A woman's menstrual cycle determines her fertility and is of great importance for her health and well-being. It's a complicated process: The pituitary gland produces the hormones FSH (follicle stimulating hormone) and LH (luteinising hormone). Under the influence of FSH, an oocyte matures in the woman's ovary. This is located in an oocyte follicle. In the middle of the cycle, the oocyte is released from the follicle by the secretion of LH and released into the fallopian tube. This process is called ovulation. The maturing follicle produces oestrogens, which are responsible for building up the lining of the uterus. After ovulation, the oocyte is capable of fertilisation for about six hours.
Fertilisation of the oocyte takes place in the fallopian tube. A sperm penetrates the oocyte membrane, the paternal chromosomes are released into the oocyte and cell division begins. The migration of the embryo through the fallopian tube into the uterus takes four to five days. Meanwhile, the embryo continues to develop and reaches the uterus as a so-called blastocyst. That's where it eventually nests. By releasing signalling substances to the maternal organism, the function of the corpus luteum, which has developed in the ovary after ovulation, is maintained. The corpus luteum produces the corpus luteum hormone (progesterone), which maintains the pregnancy. If pregnancy does not occur, the corpus luteum stops producing hormones after 14 days. There is menstruation.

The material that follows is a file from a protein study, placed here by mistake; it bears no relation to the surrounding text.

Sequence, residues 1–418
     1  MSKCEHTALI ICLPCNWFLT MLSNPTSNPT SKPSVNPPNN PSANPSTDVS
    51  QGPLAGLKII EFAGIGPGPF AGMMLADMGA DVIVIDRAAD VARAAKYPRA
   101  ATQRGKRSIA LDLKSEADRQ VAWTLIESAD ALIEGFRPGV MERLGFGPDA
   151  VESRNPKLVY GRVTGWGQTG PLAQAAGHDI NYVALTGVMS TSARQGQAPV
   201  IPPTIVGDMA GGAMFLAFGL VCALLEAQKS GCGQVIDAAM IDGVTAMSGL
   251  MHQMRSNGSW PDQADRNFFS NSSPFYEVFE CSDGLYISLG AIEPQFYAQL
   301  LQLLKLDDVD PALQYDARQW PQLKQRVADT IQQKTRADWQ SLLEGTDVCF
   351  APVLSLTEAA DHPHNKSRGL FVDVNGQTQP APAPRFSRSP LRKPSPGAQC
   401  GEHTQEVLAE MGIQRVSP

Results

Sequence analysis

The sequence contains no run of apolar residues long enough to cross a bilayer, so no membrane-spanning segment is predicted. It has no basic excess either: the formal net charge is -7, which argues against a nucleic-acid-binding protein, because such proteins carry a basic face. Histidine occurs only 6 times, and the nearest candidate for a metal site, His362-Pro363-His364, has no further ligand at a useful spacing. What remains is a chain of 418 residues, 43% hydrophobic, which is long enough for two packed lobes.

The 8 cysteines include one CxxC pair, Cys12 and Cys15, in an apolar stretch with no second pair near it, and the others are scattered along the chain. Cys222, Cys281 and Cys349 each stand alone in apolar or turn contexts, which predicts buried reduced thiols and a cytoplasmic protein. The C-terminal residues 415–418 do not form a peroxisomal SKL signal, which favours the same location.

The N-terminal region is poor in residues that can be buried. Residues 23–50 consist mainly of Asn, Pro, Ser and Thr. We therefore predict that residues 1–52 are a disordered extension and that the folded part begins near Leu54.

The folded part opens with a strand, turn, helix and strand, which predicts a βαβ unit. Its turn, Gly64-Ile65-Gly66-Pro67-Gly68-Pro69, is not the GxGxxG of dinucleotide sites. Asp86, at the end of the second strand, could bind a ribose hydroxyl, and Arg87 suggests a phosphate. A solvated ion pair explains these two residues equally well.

The hormones of the pituitary gland act on the female sex hormones and cause an oocyte follicle to grow. The larger the follicle becomes, the closer ovulation is. At the same time, more oestrogens (E2) are produced in the follicle. These hormones build up the lining of the uterus and open the cervix by a few millimetres. They also provide the necessary production of cervical secretions that allow sperm to enter the uterus.
The maximum oestrogen production of the mature follicle leads to the release of LH from the pituitary gland. This sets in motion the final maturation processes of the oocyte that lead to implantation. The fallopian tube on the corresponding side catches the mature oocyte that is ready for fertilisation and transports it towards the uterus.
During this time, the embryo nests in the appropriately prepared endometrium. The embryo sends out hormone signals to tell the ovary to implant. The corpus luteum remains intact and produces the hormone progesterone. This is responsible for the maintenance of pregnancy.
The oocyte in the fallopian tube has not been fertilised. The ovary detects this because there are no hCG hormone signals coming from the uterus. A corpus luteum is formed, but it disappears after about ten to 14 days. This causes the level of the corpus luteum hormone (progesterone) in the blood to drop and the lining of the uterus to bleed. The 1st day of the new cycle has begun.